Forgive me while I’m busy laughing at myself and this photo assignment from WordPress:
This week, focus on dinnertime: share a meal with us, or shoot during your dinner hour. Blogger’s choice!
So the reason I find this completely hilarious is trifold… First, one of my most favorite hobbies is photography. I’m admittedly an amateur, but I’ve been at it for a good thirty years or so because my folks felt it was okay to put their Canon A-1 in our hands when we were wee tykes. I learned to focus manually, because “autofocus” wasn’t invented yet, when I was nine or ten.
Second, I graduated from culinary school. I adore food. I’m one of the pickiest eaters you’ve ever met, though. If I don’t like it, I won’t eat it. I’m a grown-up. I’m allowed to have dessert first, if I choose, and to avoid any food I don’t like. The best I can figure, I have a highly sensitive palette and about 95% of the time I either love or hate a flavor. There really is no middle ground for me. But if I hate it, I loathe it. I find the food completely repulsive. Don’t try to slip any onions in my food. I can smell them long before I get the fork in my mouth and I will pick them out and eat around them.
Third and lastly, I hardly ever photograph food. I’m a hobbyist photographer who knows my way around a kitchen and appreciates a fine meal, but I never photograph my meals. The thought of photographing my food doesn’t even enter my mind, to be honest. I’m too excited to eat the beautiful, tasty meal than to stare at it! But… this week had a mild exception to that rule and the novelty of the first picture was the impetus for the breach in my routine.
You see, I turned forty. (No, this is not a maudlin post wherein I whine about how old I’m getting–because I believe none of that rubbish. I know my birth certificate says I was born in 1976, but I’m pretty certain I’ve been lied to. I feel and look like I’m closer to 32, or so I’m told.)
My fortieth birthday was Thursday. As previously discussed, I have birthday rules. The first rule of birthdays is, Thou shalt not work on or around thy birthday. That would’ve been enforced Thursday (and possibly Friday), but my boss flew in from Dallas and scheduled meetings. Let me tell you, I had ZERO motivation to work. ZE-RO. But W told me to pick the restaurant for dinner because it was my birthday (he also sang me a very comical version of the birthday song) and I chose Ruth’s Chris Steak House. I’d never eaten there, I’ve eaten at Michael Mina’s Bourbon Steak five or six times now and I wanted to try something new. Everything else is too far from the office, so Ruth’s Chris it was.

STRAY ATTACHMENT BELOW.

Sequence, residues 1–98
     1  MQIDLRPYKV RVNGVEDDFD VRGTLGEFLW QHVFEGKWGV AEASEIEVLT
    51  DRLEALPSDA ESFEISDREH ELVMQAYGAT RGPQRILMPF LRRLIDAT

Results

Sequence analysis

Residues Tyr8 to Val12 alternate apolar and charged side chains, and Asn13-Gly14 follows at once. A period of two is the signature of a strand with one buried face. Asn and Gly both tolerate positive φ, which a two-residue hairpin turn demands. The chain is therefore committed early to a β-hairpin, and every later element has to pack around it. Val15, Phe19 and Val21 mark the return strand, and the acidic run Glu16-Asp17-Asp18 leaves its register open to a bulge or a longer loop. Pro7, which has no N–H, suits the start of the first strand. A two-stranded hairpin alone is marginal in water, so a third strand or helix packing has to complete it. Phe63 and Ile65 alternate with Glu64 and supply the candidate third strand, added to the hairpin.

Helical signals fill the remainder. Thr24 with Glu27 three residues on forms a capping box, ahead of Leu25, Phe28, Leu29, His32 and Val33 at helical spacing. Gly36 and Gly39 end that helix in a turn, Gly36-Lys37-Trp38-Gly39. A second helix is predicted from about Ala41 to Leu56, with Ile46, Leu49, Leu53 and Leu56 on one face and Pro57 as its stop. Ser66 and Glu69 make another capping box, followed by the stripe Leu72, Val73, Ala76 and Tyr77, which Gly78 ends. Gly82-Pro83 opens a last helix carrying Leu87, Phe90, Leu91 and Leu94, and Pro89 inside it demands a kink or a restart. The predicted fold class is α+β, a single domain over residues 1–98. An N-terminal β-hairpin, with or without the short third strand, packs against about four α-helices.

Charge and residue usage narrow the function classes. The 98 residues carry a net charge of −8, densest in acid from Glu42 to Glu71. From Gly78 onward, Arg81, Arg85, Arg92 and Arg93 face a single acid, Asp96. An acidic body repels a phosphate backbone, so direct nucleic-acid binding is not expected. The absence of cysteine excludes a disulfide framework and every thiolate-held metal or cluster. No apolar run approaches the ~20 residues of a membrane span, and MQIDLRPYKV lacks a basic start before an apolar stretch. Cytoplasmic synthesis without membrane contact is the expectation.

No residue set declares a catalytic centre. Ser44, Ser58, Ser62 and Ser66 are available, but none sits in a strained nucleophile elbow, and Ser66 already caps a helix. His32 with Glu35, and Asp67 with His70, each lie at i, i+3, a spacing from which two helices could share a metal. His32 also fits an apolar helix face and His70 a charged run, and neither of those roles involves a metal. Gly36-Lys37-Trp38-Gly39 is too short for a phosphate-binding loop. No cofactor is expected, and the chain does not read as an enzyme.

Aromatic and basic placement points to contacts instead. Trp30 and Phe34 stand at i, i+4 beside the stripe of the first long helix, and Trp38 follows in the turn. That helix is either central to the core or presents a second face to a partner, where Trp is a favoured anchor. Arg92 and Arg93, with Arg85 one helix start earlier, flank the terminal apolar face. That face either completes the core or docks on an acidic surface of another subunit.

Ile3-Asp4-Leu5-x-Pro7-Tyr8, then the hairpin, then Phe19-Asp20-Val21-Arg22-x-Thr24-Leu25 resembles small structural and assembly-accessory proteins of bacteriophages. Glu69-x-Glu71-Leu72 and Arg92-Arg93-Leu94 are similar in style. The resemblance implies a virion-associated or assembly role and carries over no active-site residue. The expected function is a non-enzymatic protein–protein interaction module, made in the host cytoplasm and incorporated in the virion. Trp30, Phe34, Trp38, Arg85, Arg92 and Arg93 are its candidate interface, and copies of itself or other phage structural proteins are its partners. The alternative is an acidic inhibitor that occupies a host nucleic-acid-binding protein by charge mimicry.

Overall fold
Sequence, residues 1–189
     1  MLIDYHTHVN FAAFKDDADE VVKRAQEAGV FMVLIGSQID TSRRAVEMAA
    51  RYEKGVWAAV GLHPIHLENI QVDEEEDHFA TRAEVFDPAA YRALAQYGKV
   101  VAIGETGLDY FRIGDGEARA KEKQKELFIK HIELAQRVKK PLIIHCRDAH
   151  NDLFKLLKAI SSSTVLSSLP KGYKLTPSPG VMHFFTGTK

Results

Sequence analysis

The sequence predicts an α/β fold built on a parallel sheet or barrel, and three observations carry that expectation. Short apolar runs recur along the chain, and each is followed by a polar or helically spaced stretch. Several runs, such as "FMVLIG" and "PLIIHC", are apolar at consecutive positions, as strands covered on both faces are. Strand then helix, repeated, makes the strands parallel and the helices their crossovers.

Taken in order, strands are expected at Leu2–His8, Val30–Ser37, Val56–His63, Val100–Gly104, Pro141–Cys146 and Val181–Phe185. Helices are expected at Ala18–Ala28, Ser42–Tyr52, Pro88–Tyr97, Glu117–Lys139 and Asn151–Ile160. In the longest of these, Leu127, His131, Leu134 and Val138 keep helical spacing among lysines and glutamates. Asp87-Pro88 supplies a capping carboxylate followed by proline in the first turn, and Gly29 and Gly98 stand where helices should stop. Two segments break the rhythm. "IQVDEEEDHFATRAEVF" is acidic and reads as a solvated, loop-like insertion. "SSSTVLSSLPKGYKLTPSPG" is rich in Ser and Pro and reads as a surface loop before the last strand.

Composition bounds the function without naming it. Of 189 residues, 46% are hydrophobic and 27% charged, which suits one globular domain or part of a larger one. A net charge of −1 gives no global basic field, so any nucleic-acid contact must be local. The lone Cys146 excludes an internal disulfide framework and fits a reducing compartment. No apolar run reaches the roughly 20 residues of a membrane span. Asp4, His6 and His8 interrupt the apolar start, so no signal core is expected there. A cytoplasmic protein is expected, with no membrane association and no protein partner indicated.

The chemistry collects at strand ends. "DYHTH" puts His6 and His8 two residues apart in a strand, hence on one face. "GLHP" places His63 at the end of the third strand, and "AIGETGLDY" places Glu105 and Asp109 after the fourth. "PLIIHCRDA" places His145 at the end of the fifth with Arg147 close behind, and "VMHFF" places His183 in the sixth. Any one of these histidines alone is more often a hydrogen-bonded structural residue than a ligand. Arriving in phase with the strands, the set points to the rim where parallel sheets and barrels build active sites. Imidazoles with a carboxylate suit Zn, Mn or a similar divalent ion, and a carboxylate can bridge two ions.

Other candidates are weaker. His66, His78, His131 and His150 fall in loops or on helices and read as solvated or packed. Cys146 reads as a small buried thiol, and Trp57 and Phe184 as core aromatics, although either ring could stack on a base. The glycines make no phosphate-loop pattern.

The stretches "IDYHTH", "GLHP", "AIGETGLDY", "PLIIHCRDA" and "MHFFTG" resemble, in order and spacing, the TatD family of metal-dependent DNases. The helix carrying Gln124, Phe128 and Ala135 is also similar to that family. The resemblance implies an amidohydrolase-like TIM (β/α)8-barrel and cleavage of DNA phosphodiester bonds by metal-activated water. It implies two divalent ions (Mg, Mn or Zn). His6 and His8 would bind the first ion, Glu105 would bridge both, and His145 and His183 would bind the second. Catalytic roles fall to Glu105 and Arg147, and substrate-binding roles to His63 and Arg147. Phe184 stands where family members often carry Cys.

Midday, the restaurant called to confirm our reservation, which I did. The young lady asked if it was a “special occasion” for anyone in the party. I am not a convincing liar so I just opted for the humor of the moment, “You’re going to make me rat myself out, huh?” and confirmed it was my birthday.
Here’s the thing with fine dining… Ruth’s is by no means the upper crust, but it’s a far cry from In-N-Out. Fine dining, by its own admission, strives to excel at every aspect of the meal. It’s an event. The devil’s in the details. It’s “fine”…
When we arrived, there was a menu prepared especially for me. Our server asked whose birthday we were celebrating and confirmed my name. She referred to me by name for the remainder of the evening. I’ve never seen that done in a restaurant and it’s an excellent touch. It’s an attention to detail. And it enhances the engagement of the patron, and in this case, me.
When it came time to order dessert, I chose the banana cream pie with caramelized bananas. I was thinking it would be a slice of pie, not a pie large enough to feed four people. I literally ate a quarter of it and brought the rest home. It was marvelously delicious, but after a 10-oz. bone-in filet to die for with sides of lobster mac and cheese, grilled asparagus, steamed spinach, mashed potatoes, and sweet potato casserole, I was pretty darn full. It was all incredible and you are looking at the total number of photos from the occasion. I wouldn’t have taken any photos, but I had to text a picture of the menu to my family. And when they wrote my name on the plate–most restaurants just stick with the tried and true, “Happy Birthday” and move on–it had to be memorialized as well.
All in all, if I couldn’t celebrate my birthday with family or the friends of my choosing, this wasn’t too shabby. (Don’t worry, the parental units are flying in from out of state next weekend and we’re celebrating Rosie’s first birthday and my fortieth, so it’s all good. Birthday breakfast for the baby and then fancy family dinner for me.)